Push-button deployments with Arduino
TL;DR: Thanks to an Arduino, an Arduino ethernet shield, some Arduino code, buttons from eBay, LEDs from Fry’s, and SmugMug’s deployment web app, we’ve created a push-button deployment process that looks like this:
When I first started working at SmugMug, we deployed infrequently by manually merging branches, tagging, double-checking, then running a bunch of commands (some via sudo and some not). It was an eleven step process that not all developers had access to. Developers were usually uneasy about pushing due to the complexity involved.
Eventually the process was consolidated into a shell script, which still had to be run via sudo on a designated server. More recently, the shell script was wrapped in a web app that made things much easier.
While the web app is pretty awesome and easy to use, I thought using a real physical button to deploy code would be even better:
Introducing the SmugMug Deployinator 5000!
Arduino and Ethernet Shield
The Deployinator 5000 consists of the following components:
- Arduino Starter Kit
- Arduino Ethernet Shield
- Green, red and yellow 5v LEDs
- Lots of wires
- 2-button momentary switch with key lock station from eBay
- Protected toggle switch
- Used weather monitoring station enclosure from Weird Stuff
The setup is relatively simple. The toggle switch, key lock, and two momentary switches are all wired up in sequence so the Arduino sees them as one button. When all four are pressed, the Arduino makes an HTTP POST request to our deployment server, which then pushes any pending code live. While the Arduino is waiting for the deployment to finish, it blinks the yellow LED. When the push is deployed, the green LED lights up. If something goes horribly wrong, the red LED strikes fear into the deployer’s heart.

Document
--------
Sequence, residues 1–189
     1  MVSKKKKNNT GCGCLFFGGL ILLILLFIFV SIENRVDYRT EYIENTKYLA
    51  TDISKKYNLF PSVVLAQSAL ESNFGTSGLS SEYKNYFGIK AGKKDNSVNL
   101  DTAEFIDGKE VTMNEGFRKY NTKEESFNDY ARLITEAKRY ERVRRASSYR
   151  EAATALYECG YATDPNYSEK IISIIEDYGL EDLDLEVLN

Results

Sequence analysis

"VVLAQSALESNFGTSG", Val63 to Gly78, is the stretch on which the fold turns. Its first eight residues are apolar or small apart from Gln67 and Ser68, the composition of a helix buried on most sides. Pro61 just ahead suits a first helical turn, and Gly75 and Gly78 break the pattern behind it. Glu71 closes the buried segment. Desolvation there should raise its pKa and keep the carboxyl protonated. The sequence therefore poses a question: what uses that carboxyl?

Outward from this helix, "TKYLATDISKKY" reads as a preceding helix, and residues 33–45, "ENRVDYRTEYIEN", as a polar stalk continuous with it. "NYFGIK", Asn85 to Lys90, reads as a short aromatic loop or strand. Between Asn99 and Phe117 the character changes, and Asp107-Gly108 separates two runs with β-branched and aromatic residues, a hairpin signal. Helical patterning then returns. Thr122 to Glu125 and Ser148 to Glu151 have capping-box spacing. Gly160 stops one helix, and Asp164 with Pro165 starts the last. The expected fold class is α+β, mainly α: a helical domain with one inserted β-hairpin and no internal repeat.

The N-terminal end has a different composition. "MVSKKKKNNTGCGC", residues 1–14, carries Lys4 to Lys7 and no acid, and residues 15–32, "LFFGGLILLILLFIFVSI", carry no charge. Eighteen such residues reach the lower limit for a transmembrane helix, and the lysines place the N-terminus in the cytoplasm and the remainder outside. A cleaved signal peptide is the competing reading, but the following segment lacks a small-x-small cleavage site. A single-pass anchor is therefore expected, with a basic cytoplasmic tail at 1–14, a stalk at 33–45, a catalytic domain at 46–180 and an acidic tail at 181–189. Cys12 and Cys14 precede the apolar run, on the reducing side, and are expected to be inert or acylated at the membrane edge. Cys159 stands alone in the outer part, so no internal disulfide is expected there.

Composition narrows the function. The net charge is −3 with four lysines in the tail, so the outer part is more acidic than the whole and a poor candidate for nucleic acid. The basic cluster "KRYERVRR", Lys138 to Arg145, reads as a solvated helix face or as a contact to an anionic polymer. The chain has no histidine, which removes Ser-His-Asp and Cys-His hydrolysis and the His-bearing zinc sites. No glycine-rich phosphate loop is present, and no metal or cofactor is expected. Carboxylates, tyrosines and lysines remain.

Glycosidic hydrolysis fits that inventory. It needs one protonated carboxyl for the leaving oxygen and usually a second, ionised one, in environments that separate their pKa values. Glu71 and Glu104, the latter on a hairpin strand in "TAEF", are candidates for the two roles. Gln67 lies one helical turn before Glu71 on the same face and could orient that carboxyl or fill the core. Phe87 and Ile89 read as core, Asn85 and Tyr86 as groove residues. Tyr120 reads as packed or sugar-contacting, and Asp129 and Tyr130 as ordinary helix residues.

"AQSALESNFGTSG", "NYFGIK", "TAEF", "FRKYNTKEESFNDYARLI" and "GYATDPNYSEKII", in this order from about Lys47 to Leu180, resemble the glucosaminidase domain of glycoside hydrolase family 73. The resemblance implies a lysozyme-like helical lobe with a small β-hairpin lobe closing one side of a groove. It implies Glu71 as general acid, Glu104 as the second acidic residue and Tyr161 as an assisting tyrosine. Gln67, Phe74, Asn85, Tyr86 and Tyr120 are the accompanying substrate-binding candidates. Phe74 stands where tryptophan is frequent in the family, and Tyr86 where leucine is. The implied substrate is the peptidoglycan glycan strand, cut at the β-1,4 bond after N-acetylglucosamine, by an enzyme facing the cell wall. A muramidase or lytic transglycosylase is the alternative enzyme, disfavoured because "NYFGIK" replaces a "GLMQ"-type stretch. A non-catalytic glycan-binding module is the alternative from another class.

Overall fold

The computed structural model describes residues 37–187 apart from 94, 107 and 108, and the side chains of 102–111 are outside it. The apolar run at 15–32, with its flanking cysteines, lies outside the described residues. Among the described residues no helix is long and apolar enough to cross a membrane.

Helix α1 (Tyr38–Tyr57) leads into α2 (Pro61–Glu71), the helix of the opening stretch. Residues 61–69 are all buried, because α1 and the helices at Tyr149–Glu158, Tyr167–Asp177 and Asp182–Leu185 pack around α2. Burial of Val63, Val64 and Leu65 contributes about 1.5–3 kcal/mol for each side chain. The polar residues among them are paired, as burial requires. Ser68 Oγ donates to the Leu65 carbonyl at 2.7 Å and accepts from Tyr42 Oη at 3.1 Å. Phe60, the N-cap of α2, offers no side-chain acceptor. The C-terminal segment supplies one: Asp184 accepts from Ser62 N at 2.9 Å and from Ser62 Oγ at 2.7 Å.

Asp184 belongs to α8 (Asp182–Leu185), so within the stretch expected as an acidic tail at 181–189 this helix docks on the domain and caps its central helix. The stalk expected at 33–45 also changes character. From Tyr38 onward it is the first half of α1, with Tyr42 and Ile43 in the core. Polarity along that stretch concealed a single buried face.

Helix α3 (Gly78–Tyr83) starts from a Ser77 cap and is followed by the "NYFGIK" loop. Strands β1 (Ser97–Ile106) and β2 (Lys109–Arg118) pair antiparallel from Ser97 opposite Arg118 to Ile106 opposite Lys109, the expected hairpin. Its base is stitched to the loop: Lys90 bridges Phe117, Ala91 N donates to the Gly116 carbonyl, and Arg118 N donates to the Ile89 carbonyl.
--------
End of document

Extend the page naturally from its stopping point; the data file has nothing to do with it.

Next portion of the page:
It wasn’t too hard to wire up the Arduino, the buttons, and the LEDs, even for someone with no electronics experience (although I had a bit of help from other SmugMug employees with more experience). The fun and challenging part was finding an enclosure and mounting all the pieces inside it. Trips to Weird Stuff and Home Depot solved that problem easily!
After gutting the enclosure, I superglued the Arduino holder to the inside and drilled holes into the backing plate to mount the buttons with machine screws. I then reattached a few wires and circuitry for dramatic effect.
Long-term ideas for the Deployinator include adding larger lights, a disco ball, and playing music when a push occurs. PowerSwitch Tails would allow the Arduino to control anything that runs on 120V power.
Deploying code doesn’t have to be boring!
– Ryan Doherty, SmugMug DevOps